Conclusions - 2010
The results of this project have been extremely encouraging. Both patternators developed in the project outperformed the previously designed Cornell patternator. The large amount of uncollected spray material (82% to 87%) generated by the Cornell design could introduce errors in sprayer adjustment. On average, the new patternator designs represent an almost four fold increase in spray material captured versus the Cornell patternator. The efficiency of the Cornell patternator could be improved with a tighter mesh window screen. Fiberglass window screen of 18 x 16 mesh is commonly available and was used for the patternators in this project.
|13% - 18%
|62% - 63%
|SARE with screens
|53% - 60%
SARE patternator is recommended due to ease of construction and high performance.
Statistical analysis comparing the individual panels of each patternator show the SARE developed patternators are far superior to the Cornell patternator. Statistical significance was determined with Tukey's hsd test. With the Berthoud Saphirex discs the SARE patternator captured significantly more spray material than the Cornell patternator on all panels except the bottom panel. The same discs with the SARE WITH SCREENS patternator captured significantly more spray than the Cornell patternator on five of the seven panels. The TeeJet discs gave results similar to the Berthoud discs. The SARE patternator captured significantly more spray material than the Cornell patternator on all panels except the two bottom panels. The same discs with the SARE WITH SCREENS patternator also captured significantly more spray than the Cornell patternator on five of the seven panels.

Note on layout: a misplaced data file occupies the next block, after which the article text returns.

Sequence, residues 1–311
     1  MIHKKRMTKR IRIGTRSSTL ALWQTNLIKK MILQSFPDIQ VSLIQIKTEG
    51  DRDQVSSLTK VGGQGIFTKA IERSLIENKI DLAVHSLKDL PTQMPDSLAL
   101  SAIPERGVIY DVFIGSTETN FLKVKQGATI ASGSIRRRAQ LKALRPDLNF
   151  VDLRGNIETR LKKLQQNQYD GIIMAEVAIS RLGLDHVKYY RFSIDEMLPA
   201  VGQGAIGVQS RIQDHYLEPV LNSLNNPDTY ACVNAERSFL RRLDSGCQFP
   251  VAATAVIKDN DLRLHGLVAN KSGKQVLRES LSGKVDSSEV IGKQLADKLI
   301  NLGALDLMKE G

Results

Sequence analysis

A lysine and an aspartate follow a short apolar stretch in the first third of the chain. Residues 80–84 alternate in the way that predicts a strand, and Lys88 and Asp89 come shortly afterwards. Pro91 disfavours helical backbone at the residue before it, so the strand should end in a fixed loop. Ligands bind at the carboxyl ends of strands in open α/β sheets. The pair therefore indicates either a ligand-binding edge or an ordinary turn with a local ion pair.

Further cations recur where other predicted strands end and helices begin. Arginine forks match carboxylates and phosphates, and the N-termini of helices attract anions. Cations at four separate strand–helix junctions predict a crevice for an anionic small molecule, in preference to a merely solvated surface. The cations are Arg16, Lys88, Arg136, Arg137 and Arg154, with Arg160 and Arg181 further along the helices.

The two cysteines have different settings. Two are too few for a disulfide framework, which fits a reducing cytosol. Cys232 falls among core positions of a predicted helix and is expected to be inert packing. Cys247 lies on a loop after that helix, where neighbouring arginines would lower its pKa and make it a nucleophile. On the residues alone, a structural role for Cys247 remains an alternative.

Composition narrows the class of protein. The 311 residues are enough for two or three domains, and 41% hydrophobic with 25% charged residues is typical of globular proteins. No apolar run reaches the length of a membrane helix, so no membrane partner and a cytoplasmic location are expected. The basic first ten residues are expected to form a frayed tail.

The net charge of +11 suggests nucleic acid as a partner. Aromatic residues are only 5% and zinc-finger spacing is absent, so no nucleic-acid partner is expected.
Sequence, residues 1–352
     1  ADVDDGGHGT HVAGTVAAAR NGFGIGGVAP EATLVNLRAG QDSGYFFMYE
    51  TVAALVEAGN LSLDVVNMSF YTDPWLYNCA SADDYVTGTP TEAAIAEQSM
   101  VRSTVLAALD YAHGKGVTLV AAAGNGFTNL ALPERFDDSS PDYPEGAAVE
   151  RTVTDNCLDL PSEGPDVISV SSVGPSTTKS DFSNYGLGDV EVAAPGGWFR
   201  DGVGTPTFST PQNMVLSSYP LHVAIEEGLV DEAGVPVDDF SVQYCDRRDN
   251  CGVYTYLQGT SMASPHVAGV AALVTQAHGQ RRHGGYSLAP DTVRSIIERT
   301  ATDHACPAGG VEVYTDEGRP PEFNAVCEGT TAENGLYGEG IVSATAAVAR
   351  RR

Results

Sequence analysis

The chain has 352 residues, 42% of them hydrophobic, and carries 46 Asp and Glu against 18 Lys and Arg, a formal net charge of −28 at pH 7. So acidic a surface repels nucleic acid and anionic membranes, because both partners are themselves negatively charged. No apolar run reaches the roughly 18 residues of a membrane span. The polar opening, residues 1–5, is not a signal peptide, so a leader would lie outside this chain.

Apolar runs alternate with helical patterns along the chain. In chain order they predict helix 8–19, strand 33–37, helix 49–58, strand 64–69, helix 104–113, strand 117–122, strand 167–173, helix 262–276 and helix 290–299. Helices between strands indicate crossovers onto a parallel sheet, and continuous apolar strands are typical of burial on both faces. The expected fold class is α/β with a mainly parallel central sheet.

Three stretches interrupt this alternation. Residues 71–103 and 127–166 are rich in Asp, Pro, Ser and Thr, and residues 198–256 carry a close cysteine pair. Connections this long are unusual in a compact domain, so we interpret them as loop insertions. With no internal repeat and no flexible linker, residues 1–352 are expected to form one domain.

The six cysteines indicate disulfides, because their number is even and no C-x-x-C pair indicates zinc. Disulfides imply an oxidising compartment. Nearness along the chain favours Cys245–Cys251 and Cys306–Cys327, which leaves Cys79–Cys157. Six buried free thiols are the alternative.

The Cornell design of patternator with its screens allows a great deal of the spray to pass right through the patternator. This is easily visible while the patternator is being used. The amount of spray passing through the Cornell patternator is at its greatest when the spray is hitting perpendicular to the patternator at a 0 degree angle of incidence. This can be seen in the graph showing the results with the Berthoud discs. The amount of spray captured by the Cornell patternator on panel #3 is actually lower than the amount captured by panels #2 and #4. With the two SARE patternators the greatest amount of spray was captured on panel #3. As the angle of incidence increases, a lower percentage of water will pass through the Cornell patternator and the efficiency of the panels will increase.
Air velocity also comes into play with the patternators. The upper and lower panels of the Cornell patternator are a greater distance from the sprayer and would consequently have lower air velocities hitting them. For the panel that is directly opposite the sprayer, the higher velocity air stream helps to blow water through the screen before it has a chance to be collected in the channel at the bottom.
The modified Cornell patternator had a much lower cost than the previously developed Cornell patternator. In 2006, the Cornell patternator had a material cost of $489.28, while the modified Cornell patternator developed in this project had a total materials cost of $127.44 in 2010. The material cost of the SARE patternator totaled $93.44, below the targeted total costs of $100. Of the three patternators tested, the SARE patternator performed the best. Combining the statistical results of both spray discs for the SARE patternator, 79% of the panels captured spray amounts that were significantly greater than the modified Cornell patternator. All significant panels but one were at a 1% level of significance. From the results of this project, the SARE patternator is recommended as an efficient and low cost patternator that is easily constructed. This patternator will help famers reduce pesticide use and improve the profitability of their operation.